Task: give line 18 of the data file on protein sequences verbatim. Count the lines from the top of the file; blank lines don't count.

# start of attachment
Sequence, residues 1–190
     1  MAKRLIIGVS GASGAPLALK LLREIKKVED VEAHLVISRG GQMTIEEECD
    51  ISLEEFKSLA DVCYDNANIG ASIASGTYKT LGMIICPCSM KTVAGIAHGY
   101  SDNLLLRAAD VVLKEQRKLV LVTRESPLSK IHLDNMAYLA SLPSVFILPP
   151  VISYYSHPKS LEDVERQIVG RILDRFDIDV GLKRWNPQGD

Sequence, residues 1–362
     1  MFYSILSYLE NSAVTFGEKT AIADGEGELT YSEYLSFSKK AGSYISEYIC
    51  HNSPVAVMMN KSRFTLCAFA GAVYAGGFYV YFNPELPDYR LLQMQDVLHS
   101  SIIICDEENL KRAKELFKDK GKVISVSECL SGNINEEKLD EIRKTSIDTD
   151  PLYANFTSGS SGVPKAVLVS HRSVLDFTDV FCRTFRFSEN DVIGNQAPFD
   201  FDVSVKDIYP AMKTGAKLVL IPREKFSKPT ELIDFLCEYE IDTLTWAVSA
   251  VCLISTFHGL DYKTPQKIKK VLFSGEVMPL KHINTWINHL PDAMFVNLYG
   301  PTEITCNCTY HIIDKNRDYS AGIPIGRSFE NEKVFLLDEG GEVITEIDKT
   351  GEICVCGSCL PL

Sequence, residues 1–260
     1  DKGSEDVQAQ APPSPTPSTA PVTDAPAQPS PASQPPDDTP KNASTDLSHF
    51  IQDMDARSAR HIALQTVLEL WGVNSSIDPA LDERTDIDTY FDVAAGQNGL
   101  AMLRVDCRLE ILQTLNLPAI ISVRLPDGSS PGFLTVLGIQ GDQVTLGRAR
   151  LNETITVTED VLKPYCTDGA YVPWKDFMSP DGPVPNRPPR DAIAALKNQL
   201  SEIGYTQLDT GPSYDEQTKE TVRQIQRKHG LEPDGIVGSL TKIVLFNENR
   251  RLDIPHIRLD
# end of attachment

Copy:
   101  AMLRVDCRLE ILQTLNLPAI ISVRLPDGSS PGFLTVLGIQ GDQVTLGRAR